AUDIO: Weather Underground’s Dr. Jeff Masters On Talk 107.3 About The Mississippi River

As our readers certainly know, the Mississippi River is ridiculously high at the moment. The Bonnet Carre Spillway upriver from New Orleans is open, for the second time this year, and next week the Morganza Spillway is set to open.

And for good reason. Here’s a photo shot by the Baton Rouge Police Department looking south down the eastern bank of the river from close to downtown…

It’s a serious situation. The U.S. Army Corps of Engineers is calling the current flood fight “historic and unprecedented,” which is why it’s about to open the Morganza Spillway for only the third time since its inception in 1954.

Preparations have been made to stop backwater flooding in the floodway, including sinking a barge in Bayou Chene to serve as a temporary flood control structure. And when the Morganza Spillway opens it’s going to be some kind of show – by now everybody has seen what it looked like when Morganza was opened in 2011 during that year’s flood fight, but this is going to be a little more of a gradual release.

Even still, it’s pretty scary. After all, here’s what it looks like at the Morganza floodgates as of two days ago…



The management of the river when it’s at such levels is the subject of my American Spectator column out this morning; that’s a rather long piece tracing the history of the Corps of Engineers’ efforts to keep the Mississippi in its current channel and if you want to know a little about the hydrology and engineering history of the Corps’ river management, feel free to check it out.

Another source for information about the river, and particularly the Old River Control Structure (ORCS) just north of the Morganza Spillway, which is the facility at which the Corps manages its fight to keep the Mississippi from changing course and flowing down the Atchafalaya to the Gulf – something my column points out would be an economic disaster on a biblical scale not just for Louisiana but for the U.S. and world economies as well – is Weather Underground co-founder Dr. Jeff Masters, who earlier this month wrote an excellent series of blog posts at that site talking about ORCS, the history of river management on the Lower Mississippi and what the future holds. Read Masters’ series here, here and here if you’re interested.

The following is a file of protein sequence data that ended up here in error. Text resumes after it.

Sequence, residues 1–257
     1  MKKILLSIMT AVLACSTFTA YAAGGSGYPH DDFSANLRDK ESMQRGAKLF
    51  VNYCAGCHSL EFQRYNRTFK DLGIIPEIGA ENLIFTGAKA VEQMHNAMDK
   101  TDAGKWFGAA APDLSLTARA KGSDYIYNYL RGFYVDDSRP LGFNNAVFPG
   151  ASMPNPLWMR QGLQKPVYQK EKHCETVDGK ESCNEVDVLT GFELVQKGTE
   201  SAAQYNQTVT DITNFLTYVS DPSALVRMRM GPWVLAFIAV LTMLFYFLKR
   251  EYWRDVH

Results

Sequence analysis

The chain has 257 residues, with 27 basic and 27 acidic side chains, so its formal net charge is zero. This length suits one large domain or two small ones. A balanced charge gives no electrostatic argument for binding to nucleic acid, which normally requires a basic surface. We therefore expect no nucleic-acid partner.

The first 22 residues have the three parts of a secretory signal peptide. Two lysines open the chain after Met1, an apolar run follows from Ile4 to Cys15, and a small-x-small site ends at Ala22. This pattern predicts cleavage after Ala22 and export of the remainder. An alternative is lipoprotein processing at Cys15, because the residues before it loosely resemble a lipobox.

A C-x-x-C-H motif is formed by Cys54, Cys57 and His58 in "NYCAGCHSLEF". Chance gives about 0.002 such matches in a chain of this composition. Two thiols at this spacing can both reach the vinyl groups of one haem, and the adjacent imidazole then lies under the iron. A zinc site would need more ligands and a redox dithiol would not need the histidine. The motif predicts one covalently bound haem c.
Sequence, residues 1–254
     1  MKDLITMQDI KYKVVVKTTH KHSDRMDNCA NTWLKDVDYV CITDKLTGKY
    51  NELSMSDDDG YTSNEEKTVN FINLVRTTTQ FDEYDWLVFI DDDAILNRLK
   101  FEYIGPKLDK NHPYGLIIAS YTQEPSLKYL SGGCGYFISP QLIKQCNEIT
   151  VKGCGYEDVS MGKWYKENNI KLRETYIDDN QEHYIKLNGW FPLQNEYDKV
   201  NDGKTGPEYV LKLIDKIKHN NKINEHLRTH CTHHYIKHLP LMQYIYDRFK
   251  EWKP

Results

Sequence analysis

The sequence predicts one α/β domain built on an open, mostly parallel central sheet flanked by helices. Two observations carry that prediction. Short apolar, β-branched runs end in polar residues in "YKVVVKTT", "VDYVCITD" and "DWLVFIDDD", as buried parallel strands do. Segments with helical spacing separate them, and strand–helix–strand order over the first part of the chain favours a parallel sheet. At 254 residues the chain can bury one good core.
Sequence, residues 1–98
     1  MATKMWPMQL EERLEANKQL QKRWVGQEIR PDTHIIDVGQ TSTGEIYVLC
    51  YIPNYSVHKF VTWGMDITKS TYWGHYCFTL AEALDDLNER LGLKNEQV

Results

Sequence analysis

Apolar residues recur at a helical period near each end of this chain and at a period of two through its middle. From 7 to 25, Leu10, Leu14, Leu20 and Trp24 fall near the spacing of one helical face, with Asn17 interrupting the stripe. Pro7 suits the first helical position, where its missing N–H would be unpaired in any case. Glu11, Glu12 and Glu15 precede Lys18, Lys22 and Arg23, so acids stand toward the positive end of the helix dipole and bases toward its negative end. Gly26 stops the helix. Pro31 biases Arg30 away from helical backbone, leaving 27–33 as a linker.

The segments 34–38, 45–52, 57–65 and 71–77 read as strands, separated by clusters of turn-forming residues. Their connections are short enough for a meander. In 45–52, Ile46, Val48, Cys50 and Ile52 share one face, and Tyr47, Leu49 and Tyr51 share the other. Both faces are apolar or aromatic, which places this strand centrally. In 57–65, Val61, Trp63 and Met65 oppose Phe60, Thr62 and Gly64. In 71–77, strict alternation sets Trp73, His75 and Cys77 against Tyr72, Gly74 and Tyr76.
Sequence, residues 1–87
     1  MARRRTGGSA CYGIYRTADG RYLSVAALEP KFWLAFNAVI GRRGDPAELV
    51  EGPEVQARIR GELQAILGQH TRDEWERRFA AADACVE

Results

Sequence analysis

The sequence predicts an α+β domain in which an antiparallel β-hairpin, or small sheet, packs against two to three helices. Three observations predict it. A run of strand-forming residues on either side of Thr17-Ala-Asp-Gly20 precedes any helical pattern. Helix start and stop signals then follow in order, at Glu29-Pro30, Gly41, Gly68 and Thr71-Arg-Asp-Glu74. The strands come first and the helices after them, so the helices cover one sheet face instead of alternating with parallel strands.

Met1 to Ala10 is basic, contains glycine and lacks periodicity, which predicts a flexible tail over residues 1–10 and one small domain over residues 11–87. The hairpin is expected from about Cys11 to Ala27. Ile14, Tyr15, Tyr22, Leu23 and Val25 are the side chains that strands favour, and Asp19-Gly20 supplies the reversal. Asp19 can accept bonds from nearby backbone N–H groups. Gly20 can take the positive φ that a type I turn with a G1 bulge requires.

Brian Haldane had Masters on the air this morning at Talk 107.3 FM in Baton Rouge, and it’s a 12-minute interview well worth your time…

Is Masters correct in saying that the Mississippi will sooner or later change its course? Perhaps so. After all, the Corps has to win this fight every day, while the Mississippi only has to win it once.

Meaning that the Corps’ talent and resources had better be up to the task. And the nation’s attention really ought to be on problems like this rather than global warming and some of the other agenda-driven environmental fads out there.

The real issue, as discussed both in Masters’ series and my column, is the sediment deposits on the Mississippi’s riverbed. It’s a question of basic hydrology – the river has to flow at a certain rate in order to continue moving sediment down its course; if that flow slows down, the sediment falls out and is deposited in the river bed. And south of the ORCS – north of it as well; an LSU study found some 30 sand bars between Vicksburg and the ORCS upon which some 535 million cubic meters of sediment has accumulated over the past 30 years – there is enough sediment gathering that at Red River Landing, the Corps river gage located just across the Mississippi from Angola State Penitentiary, the river bottom has rise by an alarming 30 feet and the channel has narrowed significantly.

So what has to be done, and Congress has mandated the Corps begin doing it (this came as part of the Water Resources Development Act of 2018), is to start dredging the river bottom and getting that sediment moving again.

This isn’t really all that complicated. There’s a method of dredging called “agitation dredging,” in which – as applied to this problem – all you’re doing is scraping sand and mud off the riverbottom and moving it up into the water column so the river can move it toward its mouth. It might take lots of sites along the river where that dredging is being done, but that’s the point of the WRDA’s reforms of the Corps’ dredging practices.

And the beauty of using the river to move that sediment for you down toward its lower delta is that there you can extract it to do coastal restoration. Which is an entirely separate post in and of itself.

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